This is not to say that a smaller phone can't have high clocked chips. However, there is a tendency for smaller form factors to have more heat constraints, so there is a tendency for smaller form factors to have slower CPUs. This can be overcome with design considerations and modifications of other components, but it's not as if you can cram any CPU into any form factor and expect it to work well in millions of units.
The point here is that it is possible LG's design for the Nexus 4 may not be ideal for the chip selected. Either that or it's a bad unit or something else, but whatever the case, it's foolish to simply ignore Anand's/Brian's observations like some here are advocating.
Can you give some examples of those because when I open up my "big" phone I dont see any large air spaces, vent holes or heat sinks that have been left out of smaller phones.
Large phones have higher clocked chips because customers will pay more for large phones. Chips that dont pass QC for high frequencies can be used in lower clocked phones for lower prices.
Who said plastic is the alternative? Aluminum is better than either. I think it's no coincidence that apple switch to using aluminum backing on the iPhone5, with it's faster processor.
And that said, even plastic can be superior, because while it may insulate more than glass with equal amounts of material, plastic can be thinner and can be designed with ventilation holes and shaping you just can't do with glass.
Heat is change in kinetic energy. As such, it builds up over time. A phone doesn't need to consume more electricity in order for it to push out a ton of heat since it's all accumulated.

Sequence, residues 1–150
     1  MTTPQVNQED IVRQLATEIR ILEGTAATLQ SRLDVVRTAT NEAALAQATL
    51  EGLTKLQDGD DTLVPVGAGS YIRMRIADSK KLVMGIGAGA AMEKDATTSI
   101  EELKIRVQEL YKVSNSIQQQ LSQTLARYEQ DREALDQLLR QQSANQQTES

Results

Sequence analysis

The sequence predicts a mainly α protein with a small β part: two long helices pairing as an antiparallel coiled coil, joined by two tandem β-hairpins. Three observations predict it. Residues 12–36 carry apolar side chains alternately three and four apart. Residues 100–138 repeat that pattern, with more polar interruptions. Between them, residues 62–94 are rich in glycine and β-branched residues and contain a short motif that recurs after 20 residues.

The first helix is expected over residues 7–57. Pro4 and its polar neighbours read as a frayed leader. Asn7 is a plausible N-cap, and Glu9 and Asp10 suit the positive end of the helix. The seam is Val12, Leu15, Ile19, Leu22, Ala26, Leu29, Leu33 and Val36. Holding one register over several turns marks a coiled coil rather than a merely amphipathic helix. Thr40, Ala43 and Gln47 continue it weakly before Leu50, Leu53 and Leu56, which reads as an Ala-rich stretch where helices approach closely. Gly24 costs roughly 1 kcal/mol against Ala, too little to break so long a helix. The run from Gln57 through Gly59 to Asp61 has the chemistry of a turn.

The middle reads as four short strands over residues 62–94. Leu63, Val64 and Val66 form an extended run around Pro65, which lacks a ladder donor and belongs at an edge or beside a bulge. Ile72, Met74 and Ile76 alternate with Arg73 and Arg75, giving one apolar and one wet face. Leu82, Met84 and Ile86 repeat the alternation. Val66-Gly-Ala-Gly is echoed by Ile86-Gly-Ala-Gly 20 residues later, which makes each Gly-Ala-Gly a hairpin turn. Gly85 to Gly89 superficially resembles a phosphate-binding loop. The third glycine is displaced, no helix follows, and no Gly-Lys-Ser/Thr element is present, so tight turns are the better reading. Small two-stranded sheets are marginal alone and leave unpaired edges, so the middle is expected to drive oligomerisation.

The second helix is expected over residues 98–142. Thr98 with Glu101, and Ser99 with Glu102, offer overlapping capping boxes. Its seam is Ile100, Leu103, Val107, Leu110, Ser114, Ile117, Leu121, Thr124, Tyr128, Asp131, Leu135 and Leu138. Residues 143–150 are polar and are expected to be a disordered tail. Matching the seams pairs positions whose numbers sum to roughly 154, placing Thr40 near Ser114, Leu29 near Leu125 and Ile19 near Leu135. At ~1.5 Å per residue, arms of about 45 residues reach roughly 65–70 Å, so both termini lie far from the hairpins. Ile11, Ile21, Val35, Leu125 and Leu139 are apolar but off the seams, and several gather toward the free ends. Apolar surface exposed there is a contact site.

And heat builds up faster when it can't escape fast enough.
Contrary to belief, a thicker phone may actually not help dissipate heat faster because heat will have to travel a greater distance through that thick layer before it gets out of the device. To that end, a thinner device that's built with a good heat conducting material is far better.
I think people are mistaking surface area with thickness...
What phone do you have with air vents in?
Galaxy Nexus has a few holes on the back of the case which wouldn't be possible with glass, although they are not ventilation holes.
But one fairly popular consumer phone has very obvious ventilation holes as part of the design, perhaps you have heard of it: the iPhone 5.
It also happens to be a case where a small phone design got a faster CPU, and the designers had to adjust the design to compensate for the additional heat produced by the faster SOC. Of course you can continue to deny that and just assume apple added the ventilation holes for some other purpose.